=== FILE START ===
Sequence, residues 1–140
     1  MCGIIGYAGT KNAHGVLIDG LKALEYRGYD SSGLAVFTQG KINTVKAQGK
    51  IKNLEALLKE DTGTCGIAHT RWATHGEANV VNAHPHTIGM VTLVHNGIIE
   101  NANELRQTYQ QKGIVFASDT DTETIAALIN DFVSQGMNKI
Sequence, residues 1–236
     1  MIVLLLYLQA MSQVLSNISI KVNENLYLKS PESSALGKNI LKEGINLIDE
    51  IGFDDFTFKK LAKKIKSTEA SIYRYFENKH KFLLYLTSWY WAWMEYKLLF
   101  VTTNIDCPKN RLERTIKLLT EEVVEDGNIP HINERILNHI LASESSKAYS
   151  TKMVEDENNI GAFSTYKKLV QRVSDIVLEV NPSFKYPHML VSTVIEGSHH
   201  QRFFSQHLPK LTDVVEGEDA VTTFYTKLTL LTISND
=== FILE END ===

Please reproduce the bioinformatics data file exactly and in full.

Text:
Sequence, residues 1–140
     1  MCGIIGYAGT KNAHGVLIDG LKALEYRGYD SSGLAVFTQG KINTVKAQGK
    51  IKNLEALLKE DTGTCGIAHT RWATHGEANV VNAHPHTIGM VTLVHNGIIE
   101  NANELRQTYQ QKGIVFASDT DTETIAALIN DFVSQGMNKI
Sequence, residues 1–236
     1  MIVLLLYLQA MSQVLSNISI KVNENLYLKS PESSALGKNI LKEGINLIDE
    51  IGFDDFTFKK LAKKIKSTEA SIYRYFENKH KFLLYLTSWY WAWMEYKLLF
   101  VTTNIDCPKN RLERTIKLLT EEVVEDGNIP HINERILNHI LASESSKAYS
   151  TKMVEDENNI GAFSTYKKLV QRVSDIVLEV NPSFKYPHML VSTVIEGSHH
   201  QRFFSQHLPK LTDVVEGEDA VTTFYTKLTL LTISND